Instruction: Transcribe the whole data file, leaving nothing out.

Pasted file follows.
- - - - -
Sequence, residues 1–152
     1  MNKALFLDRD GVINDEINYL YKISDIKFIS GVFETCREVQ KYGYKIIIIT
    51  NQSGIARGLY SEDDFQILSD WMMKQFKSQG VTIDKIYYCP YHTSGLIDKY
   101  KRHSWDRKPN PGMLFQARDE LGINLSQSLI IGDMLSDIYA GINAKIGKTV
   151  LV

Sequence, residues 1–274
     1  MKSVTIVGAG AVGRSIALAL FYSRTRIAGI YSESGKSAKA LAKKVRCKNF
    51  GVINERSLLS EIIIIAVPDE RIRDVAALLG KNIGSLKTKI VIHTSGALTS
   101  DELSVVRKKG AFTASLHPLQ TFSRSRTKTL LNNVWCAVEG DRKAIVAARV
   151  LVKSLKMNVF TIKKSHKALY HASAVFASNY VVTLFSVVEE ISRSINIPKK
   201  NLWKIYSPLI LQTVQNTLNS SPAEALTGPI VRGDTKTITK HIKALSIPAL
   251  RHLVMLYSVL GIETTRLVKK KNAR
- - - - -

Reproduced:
Sequence, residues 1–152
     1  MNKALFLDRD GVINDEINYL YKISDIKFIS GVFETCREVQ KYGYKIIIIT
    51  NQSGIARGLY SEDDFQILSD WMMKQFKSQG VTIDKIYYCP YHTSGLIDKY
   101  KRHSWDRKPN PGMLFQARDE LGINLSQSLI IGDMLSDIYA GINAKIGKTV
   151  LV

Sequence, residues 1–274
     1  MKSVTIVGAG AVGRSIALAL FYSRTRIAGI YSESGKSAKA LAKKVRCKNF
    51  GVINERSLLS EIIIIAVPDE RIRDVAALLG KNIGSLKTKI VIHTSGALTS
   101  DELSVVRKKG AFTASLHPLQ TFSRSRTKTL LNNVWCAVEG DRKAIVAARV
   151  LVKSLKMNVF TIKKSHKALY HASAVFASNY VVTLFSVVEE ISRSINIPKK
   201  NLWKIYSPLI LQTVQNTLNS SPAEALTGPI VRGDTKTITK HIKALSIPAL
   251  RHLVMLYSVL GIETTRLVKK KNAR